Daily Media Briefing

Daily Media Briefing

 

Posted in: Climate Change, Corporate Reputation, Daily Media Briefing, Sustainable Investment, Waste

Top Stories

July 10, 2018

Sustainable Investment

Church of England threatens climate change shares sell-off

The Church of England’s £12 billion endowment and investment funds will sell their shares in any fossil fuel companies that are slow to tackle global warming from 2023 after Anglican clergy voted in support of divestment in a hugely symbolic move. At its General Synod, the church’s parliament, bishops, clergy and laity voted 347 to 4 in favour of selling their holdings in any fossil fuel companies that by 2023 have not aligned their businesses with the Paris Agreement to restrict global temperature rises to below 2° Celsius. The move by the UK’s established church marks one of the toughest stances taken yet by a large religious group. The Church of England said the vote made clear “that the Church must play a leading role and exercise its moral leadership on the urgent issue of climate change”. (Financial Times*)

Waste

Starbucks to ditch plastic straws globally by 2020

Starbucks will eliminate plastic straws from its stores globally by 2020, in a nod to the growing push for businesses to be more environmentally friendly. The Seattle-based company has said that it will instead use straws made from other materials, and lids designed not to need straws. The strawless lids will begin to appear in Seattle and Vancouver Starbucks in autumn 2018, with phased rollouts within the US and Canada to follow in 2019. Starbucks says that it already offers alternative straws in Seattle, where a ban on single-use plastic straws and utensils in food service outlets has recently taken effect. A global rollout of the strawless lids will follow, beginning in Europe where they will be used in selected stores in France and the Netherlands, as well as in the United Kingdom. (Guardian)

Climate Change

Europe’s Mayors call for zero-emissions target by 2050

10 Mayors from around Europe, including Paris, London, and Barcelona, have written an open letter to the European Commission on its long-term climate strategy. “We urge the European Commission to set the 1.5°C and net-zero emissions goals of the Paris Agreement as objectives of this strategy to be achieved by 2050,” the statement reads. The letter, addressed to the Commission’s Vice-President Maroš Šefčovič & climate chief Miguel Arias Cañete, was released to coincide with a two-day summit in Brussels on how the European Union plans to reduce greenhouse gas emissions and build a low-carbon economy. The city Mayors, which also include Milan, Stockholm and Copenhagen, made clear that the EU’s current reluctance to set a date for a zero-emissions target is insufficient and a clear net-zero goal needs to be established alongside the target to limit global temperatures to below 1.5°C. (Climate Action Programme)

Privacy

US lawmakers press Alphabet and Apple on smartphone users’ privacy

US lawmakers are demanding information from Alphabet and Apple about how the companies handle users’ personal information, including spoken words, email content and location data. In letters to the companies’ CEOs, leaders of the House Energy and Commerce Committee said recent media reports and related information obtained by the panel have raised questions about how the companies gather and use consumers’ information. Both letters posed questions on the collection and transmission of extensive user-location data even when location services are disabled, among other issues such as the collection of audio data. Congress also is asking Google for “a comprehensive list of the companies with access to a user’s email contents on Gmail,” as well as details about what restrictions it places on the use of email data by app makers. The letters mark the first time the committee has queried companies besides Facebook concerning specific consumer-privacy issues. (Wall Street Journal)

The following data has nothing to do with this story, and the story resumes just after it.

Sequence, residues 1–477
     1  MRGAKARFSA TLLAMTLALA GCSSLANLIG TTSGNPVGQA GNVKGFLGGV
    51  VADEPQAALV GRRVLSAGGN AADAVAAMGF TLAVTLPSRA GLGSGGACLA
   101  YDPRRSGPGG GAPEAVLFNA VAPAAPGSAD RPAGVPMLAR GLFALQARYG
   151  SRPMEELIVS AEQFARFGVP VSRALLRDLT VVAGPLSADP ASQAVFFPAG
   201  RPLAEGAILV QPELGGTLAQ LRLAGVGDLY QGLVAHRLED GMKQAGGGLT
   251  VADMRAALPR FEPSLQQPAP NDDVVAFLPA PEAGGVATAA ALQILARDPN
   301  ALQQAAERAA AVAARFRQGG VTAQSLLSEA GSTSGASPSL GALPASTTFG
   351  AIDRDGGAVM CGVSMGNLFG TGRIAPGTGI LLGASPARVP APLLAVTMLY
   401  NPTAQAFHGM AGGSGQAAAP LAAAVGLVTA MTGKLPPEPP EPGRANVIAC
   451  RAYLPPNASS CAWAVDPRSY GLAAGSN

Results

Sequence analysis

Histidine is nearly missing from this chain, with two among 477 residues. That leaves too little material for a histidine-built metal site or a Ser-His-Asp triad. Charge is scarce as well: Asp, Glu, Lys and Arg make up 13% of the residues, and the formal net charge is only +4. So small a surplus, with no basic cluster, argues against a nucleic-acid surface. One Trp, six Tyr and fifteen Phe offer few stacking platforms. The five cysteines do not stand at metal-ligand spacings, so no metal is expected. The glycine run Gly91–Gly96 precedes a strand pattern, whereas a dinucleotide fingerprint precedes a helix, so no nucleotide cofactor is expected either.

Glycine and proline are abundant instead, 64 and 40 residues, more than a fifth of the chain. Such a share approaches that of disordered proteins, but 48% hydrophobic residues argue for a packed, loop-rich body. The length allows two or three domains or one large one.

Corporate Reputation

Nestlé products removed from Melbourne zoos over palm oil

Products from the food and drink giant Nestlé will no longer be stocked at the stores and food carts at Melbourne and Werribee zoos. Zoos Victoria made the decision after the Roundtable on Sustainable Palm Oil (RSPO) suspended Nestlé’s membership when the company failed to submit a 2016 progress report, and its 2017 report lacked a timetable for producing or buying certified sustainable palm oil. Zoos Victoria’s director of wildlife conservation and science, Rachel Lowry, said the zoo’s stance was clear. “We will continue to keep our zoo shelves clear of Nestlé products until they take the necessary steps to comply with the RSPO standards, for we remain confident this is the best and most reliable way that we, as an organisation committed to fighting wildlife extinction, can guarantee that the food that we are selling across our zoos is not contributing to the loss of wildlife such as orangutans and Sumatran tigers abroad.” (Guardian)

 

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Image source: Caged Tiger by Linh Do on Flickr. CC BY 2.0.

 

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